Puppet

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Everything posted by Puppet

  1. You are so not getting it. And I will not even begin to begin to explain why.
  2. When, I ask you ... when have I ever passed up a chance to post this marvelous guard shot? I mean ... c'mon! I just wish I had a bunch of pics of Anaheim's rifle section from back then, too. Oh, I'm not in this shot, either.
  3. Oh! And BTW many of the shots posted here are by not only friends and family and just pure fans but from some of the most famous names in Drum Corp photography ... and let me just grab one out of the archives ... shot at one of the premier venues for Drum Corps, ever and the type of show we will never, ever (if DCI has anything to say about it and that's a darn shame because a preview show like Evening With The Corps could generate soooo much money here in the East!) see again. Imagine, OMG if you could get a sneak peak and listen to in a concert setting Crown, Phantom, SCV, Cavies and yeah, even Garfield pre season - how much would you pay? not the least of whom is Moe Knox I'm just saying ... And I'm not in this shot.. And those were the black plumes we got ruined in the rain like the first show of the season in Chester PA.
  4. I'm thinking this post gives new meaning to BITD. Because I think of then and I think the sixties ... that was BITD.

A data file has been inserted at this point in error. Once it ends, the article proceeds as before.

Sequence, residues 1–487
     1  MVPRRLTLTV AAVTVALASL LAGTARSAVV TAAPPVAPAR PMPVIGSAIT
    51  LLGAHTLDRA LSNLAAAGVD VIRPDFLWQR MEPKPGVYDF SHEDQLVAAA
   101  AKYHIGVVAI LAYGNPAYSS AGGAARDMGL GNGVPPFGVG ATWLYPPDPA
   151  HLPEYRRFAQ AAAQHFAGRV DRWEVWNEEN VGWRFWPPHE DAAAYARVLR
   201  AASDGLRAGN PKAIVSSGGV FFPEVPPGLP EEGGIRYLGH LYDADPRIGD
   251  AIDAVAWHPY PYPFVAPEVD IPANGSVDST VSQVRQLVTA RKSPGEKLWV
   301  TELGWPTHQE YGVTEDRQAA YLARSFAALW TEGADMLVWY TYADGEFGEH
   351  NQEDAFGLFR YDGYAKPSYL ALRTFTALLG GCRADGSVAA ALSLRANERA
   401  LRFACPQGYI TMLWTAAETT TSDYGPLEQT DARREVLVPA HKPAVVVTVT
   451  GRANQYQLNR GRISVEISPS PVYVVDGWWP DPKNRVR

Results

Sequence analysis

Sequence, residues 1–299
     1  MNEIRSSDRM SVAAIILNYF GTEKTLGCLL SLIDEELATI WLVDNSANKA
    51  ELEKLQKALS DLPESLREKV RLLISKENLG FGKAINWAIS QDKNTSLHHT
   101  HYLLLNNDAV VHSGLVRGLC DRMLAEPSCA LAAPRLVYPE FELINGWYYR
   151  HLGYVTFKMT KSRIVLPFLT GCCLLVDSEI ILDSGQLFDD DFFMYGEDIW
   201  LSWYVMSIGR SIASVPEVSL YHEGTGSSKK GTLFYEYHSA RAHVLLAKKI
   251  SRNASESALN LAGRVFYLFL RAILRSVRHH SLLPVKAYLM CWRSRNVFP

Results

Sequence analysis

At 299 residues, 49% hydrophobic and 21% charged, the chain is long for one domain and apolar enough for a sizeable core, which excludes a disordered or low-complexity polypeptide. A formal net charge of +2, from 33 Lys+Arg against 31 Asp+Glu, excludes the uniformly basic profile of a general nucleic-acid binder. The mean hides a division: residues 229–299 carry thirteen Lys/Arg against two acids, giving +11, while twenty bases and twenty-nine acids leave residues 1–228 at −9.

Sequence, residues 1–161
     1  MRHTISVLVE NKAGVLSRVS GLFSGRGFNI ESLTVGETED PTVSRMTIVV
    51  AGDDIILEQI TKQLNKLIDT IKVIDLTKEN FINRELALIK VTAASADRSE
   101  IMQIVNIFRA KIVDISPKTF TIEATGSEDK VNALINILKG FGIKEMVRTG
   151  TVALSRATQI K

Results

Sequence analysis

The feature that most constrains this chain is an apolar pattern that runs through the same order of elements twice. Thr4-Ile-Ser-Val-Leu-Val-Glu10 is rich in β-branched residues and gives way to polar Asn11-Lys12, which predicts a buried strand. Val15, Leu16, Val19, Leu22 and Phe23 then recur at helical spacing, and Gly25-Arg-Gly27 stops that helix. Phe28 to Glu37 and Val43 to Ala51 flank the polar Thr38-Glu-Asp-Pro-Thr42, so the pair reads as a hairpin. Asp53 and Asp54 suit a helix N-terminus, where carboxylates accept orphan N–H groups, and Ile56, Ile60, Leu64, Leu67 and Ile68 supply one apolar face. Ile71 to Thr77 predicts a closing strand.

5. I have said this or something like this a half a dozen times or more over the past several years. Thank you yonnenana (whoever the heck you really are!) for giving us this wonderful thread on which by my estimate over three generations of members, fans and others have shared their pictorial and other memories ... you just cannot fit what is on these pages ... in a book ... this is without a doubt (and if for no other reason because most of all else on this site doesn't hold a candle to this thread right here!) the place every current and past marching member should spend a few minutes every once in a while. There is more Drum Corps history on these 2,000 pages than anywhere else! Contribute if you can, revel in it because you can. Puppet - really honored to have had a chance to post some memories of my own here.